Balsamo planta (B.
peltatum) is a plant with a reputation for healing.
It is said to be effective against colds and flu, but the medical world has long rejected the medicinal use of the plant.
“People often have negative reactions to balsamic acid,” said Dr. David R. Anderson, an associate professor of psychiatry at the University of California, San Francisco.
“The fact that balsami oil is being promoted as a treatment for colds is a very, very interesting point.”
But a growing body of research is now arguing that balamic acid may actually be a potent antioxidant that may actually help your body fight cancer.
In the early 1900s, balsamea was used as a medicinal herb in Japan.
When used for this purpose, balamos oil contains a mixture of the chemical compound phenolic acids, which are the building blocks of all plants, and a compound called dihydroxyflavones, which is the active component of all the other compounds in the balsams oil.
These compounds are found in the leaves of balsamedia and other plants and in the bark of the balsa tree.
When combined, they form a protective layer on the inside of your mouth, a feature known as a phytocannabinoid receptor, according to the American Journal of Pharmacology.
Studies conducted by Dr. Anderson and colleagues have shown that balsa leaf extract contains phytochemicals that could help prevent cancer, according the journal.
But these phytochemical components can’t protect you from the effects of chemotherapy.
So, to make balsames oil more effective, Dr. James W. Gartrell, a professor of dermatology and pediatrics at the George Washington University School of Medicine, and his colleagues decided to test its ability to block the cancer-causing effects of chemo.
To test their hypothesis, the researchers took balsama leaf extract, combined it with a chemical called polycyclic aromatic hydrocarbons (PAHs), which are chemicals found in cigarettes, and then sprayed the oil onto human skin.
The PAHs were sprayed in the same direction as chemo-induced tumors, as shown by images captured by the researchers.
After about one week, the scientists found that the PAH-containing extracts had the same protective effect as those containing only balsamine.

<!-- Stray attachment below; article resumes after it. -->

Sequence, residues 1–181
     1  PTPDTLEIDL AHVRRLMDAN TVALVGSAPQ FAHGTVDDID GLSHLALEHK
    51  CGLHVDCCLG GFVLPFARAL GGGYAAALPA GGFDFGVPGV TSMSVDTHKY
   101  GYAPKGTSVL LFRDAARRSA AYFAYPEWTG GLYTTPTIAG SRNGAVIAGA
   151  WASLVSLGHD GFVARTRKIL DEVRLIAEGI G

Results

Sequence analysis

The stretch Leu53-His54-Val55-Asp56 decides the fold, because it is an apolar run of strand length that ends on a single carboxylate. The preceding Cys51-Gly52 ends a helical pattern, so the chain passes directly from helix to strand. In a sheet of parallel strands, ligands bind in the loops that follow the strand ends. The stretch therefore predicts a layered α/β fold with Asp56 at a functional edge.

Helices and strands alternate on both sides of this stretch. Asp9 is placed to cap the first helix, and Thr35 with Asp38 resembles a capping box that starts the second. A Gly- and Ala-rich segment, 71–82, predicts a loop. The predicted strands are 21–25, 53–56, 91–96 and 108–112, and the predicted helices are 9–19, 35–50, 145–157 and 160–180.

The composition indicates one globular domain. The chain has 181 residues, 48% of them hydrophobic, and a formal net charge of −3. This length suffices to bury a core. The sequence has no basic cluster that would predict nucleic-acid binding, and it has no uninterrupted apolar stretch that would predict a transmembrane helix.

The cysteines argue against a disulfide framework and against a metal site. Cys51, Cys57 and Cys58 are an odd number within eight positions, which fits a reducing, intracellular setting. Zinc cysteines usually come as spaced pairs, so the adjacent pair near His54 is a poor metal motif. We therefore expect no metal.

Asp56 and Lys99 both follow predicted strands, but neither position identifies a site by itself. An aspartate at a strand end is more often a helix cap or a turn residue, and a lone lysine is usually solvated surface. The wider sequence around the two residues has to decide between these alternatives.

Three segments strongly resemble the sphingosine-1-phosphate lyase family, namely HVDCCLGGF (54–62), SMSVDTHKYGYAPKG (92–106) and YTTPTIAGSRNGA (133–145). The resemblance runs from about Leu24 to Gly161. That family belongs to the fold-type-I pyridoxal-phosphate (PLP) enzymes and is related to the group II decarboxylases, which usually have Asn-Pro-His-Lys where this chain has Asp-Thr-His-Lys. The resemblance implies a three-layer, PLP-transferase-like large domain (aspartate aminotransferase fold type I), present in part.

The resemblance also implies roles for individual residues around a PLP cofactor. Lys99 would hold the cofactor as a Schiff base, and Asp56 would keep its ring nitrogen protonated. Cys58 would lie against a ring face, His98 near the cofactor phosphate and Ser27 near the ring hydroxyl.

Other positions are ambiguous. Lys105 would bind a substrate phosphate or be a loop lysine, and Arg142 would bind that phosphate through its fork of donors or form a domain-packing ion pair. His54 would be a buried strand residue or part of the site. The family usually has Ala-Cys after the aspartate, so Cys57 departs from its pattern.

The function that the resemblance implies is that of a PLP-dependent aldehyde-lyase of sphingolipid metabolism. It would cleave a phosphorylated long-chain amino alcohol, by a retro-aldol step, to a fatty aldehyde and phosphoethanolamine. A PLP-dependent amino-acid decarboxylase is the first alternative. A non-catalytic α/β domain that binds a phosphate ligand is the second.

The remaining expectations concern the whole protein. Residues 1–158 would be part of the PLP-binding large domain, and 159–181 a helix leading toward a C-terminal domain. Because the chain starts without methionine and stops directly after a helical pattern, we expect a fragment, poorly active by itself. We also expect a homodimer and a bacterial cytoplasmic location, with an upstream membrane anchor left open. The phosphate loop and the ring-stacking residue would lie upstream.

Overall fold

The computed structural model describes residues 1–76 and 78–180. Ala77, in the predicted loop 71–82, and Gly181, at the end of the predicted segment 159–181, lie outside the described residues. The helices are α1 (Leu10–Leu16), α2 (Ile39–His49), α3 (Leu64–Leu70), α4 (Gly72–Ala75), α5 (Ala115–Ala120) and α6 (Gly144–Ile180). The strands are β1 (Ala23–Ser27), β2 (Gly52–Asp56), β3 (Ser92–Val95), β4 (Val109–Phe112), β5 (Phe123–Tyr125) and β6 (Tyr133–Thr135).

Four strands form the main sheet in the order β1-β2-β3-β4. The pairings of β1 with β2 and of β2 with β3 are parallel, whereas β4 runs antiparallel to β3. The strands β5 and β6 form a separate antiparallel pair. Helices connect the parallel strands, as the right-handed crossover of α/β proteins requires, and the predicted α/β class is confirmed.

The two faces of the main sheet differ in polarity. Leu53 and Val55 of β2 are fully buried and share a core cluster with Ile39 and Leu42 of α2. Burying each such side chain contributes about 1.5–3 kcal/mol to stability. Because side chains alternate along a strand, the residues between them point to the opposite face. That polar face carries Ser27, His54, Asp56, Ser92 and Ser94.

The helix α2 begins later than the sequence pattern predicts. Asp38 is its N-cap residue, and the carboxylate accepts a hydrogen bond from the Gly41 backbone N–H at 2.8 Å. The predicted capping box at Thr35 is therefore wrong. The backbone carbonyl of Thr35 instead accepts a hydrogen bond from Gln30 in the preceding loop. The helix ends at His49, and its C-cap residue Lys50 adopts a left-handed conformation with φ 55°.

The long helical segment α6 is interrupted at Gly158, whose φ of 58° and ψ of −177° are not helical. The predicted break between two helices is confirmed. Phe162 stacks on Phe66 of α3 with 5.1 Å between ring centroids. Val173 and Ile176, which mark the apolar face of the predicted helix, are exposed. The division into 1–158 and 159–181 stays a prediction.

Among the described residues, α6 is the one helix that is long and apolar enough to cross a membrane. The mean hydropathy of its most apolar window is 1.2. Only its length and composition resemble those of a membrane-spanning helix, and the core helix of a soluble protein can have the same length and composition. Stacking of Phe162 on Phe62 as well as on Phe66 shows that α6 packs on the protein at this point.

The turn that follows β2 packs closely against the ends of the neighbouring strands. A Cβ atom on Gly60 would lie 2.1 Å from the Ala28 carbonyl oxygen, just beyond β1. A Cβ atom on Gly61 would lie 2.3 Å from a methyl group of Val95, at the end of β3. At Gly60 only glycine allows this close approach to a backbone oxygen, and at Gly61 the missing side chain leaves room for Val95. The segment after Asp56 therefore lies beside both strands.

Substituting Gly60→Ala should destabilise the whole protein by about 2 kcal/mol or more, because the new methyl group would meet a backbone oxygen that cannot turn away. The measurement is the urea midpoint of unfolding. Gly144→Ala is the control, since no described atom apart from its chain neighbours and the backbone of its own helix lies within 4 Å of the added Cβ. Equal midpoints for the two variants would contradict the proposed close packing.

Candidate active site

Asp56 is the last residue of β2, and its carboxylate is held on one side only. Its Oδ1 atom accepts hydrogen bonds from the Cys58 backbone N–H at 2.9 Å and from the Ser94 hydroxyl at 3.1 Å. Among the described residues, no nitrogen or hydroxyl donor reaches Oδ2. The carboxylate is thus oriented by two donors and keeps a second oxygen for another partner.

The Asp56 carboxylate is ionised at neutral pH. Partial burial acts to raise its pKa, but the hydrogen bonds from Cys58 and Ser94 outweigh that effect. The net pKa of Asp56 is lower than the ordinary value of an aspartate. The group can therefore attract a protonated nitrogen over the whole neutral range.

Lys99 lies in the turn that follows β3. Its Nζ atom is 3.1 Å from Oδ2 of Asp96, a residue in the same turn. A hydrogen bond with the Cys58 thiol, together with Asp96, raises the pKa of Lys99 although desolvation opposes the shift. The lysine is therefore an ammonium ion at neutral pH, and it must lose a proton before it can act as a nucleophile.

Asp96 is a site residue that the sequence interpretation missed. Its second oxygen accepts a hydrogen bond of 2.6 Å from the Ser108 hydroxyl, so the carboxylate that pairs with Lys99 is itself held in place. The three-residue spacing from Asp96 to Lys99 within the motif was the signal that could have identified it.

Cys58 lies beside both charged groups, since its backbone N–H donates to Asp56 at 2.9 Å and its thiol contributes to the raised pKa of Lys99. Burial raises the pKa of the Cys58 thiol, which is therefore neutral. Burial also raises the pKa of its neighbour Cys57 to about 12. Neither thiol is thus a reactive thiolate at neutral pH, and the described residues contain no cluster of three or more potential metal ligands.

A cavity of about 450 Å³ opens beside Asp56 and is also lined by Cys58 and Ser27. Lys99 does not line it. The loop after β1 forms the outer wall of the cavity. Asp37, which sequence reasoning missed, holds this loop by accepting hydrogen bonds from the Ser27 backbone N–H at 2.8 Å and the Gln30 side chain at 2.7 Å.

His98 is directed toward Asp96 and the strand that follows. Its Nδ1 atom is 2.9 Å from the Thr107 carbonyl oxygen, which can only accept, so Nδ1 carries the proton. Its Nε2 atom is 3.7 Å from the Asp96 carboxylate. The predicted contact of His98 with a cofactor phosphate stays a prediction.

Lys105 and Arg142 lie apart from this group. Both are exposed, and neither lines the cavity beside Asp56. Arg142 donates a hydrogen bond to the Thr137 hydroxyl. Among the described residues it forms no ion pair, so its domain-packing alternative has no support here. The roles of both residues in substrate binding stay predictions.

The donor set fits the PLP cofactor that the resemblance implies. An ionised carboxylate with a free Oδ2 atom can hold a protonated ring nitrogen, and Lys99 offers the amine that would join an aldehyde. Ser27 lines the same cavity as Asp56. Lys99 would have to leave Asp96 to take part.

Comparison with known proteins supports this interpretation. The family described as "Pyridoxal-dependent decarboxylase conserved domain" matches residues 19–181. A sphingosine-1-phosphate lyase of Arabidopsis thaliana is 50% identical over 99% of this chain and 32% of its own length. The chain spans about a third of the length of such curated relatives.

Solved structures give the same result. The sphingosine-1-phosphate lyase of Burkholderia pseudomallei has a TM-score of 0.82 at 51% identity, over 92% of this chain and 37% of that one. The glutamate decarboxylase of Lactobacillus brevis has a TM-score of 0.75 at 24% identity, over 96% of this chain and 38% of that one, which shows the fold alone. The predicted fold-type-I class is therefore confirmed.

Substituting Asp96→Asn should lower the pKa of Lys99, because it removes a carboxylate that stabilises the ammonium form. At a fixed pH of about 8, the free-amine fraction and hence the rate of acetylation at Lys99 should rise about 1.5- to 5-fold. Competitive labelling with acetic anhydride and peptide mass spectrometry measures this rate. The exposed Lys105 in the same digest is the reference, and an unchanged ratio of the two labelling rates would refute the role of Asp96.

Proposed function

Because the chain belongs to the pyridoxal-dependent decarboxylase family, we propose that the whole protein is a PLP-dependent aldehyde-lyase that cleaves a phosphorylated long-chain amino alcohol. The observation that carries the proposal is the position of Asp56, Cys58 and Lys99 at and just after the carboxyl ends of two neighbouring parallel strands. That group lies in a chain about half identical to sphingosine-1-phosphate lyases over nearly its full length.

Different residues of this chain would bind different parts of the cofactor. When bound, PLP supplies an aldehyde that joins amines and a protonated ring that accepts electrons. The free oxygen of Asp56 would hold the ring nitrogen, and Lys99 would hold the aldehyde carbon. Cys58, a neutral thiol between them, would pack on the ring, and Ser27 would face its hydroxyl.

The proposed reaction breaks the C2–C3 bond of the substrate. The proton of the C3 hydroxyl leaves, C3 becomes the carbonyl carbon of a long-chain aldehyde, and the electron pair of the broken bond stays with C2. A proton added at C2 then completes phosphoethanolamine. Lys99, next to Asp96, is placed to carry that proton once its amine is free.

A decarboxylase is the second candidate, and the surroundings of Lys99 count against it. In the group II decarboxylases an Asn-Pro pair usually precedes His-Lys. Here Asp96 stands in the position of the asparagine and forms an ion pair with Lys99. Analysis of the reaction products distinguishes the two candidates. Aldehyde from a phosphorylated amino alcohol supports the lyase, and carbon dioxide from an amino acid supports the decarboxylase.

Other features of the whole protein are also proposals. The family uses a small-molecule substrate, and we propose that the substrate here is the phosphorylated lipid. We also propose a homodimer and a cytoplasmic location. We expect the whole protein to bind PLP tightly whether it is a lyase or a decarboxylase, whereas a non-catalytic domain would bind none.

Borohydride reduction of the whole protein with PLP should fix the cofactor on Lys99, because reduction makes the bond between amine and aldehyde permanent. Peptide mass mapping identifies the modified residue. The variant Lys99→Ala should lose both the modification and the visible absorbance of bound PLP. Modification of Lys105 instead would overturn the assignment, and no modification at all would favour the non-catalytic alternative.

And it wasn’t just the balesamic acid compound that protected against the cancer chemo, either.
Using a computer model, the team found that a combination of balesamea and PAH reduced tumor growth in mice.
What’s more, they found that balesames oil could also stop tumor cells from forming new tumors by preventing cell death.
These findings, according with the researchers, may have profound implications for patients undergoing chemo treatment.
“It may be possible to take an oil that has an anti-tumor effect and make it more potent,” said Gartrel, who is also a professor in the department of medicine at the Johns Hopkins University School.
This study could have wider implications.
“I think it is really a matter of clinical trial,” he said.
However, other scientists are skeptical of the effectiveness of the research.
“They didn’t do a proper analysis of the data,” said Prof. Michael E. Gagnon, an assistant professor of medicine and director of the department for the biology and biomedical sciences at the Howard Hughes Medical Institute in Houston, Texas.
“And they’re not testing this in humans.”
He said that it’s not clear whether the combination of PAH and balsamingo extract has any therapeutic effects.
“We’re not really sure if the combination works,” he told ABC News.
“In terms of efficacy, I don’t think this is the best research that we have done.”
The researchers plan to continue their study with a larger number of patients to see if the balamsamea oil and PAHS-based combination can also be effective in preventing the growth of malignant melanoma.
They also plan to test their product in patients with other cancers, including melanoma, pancreatic, lung, breast, and testicular cancer.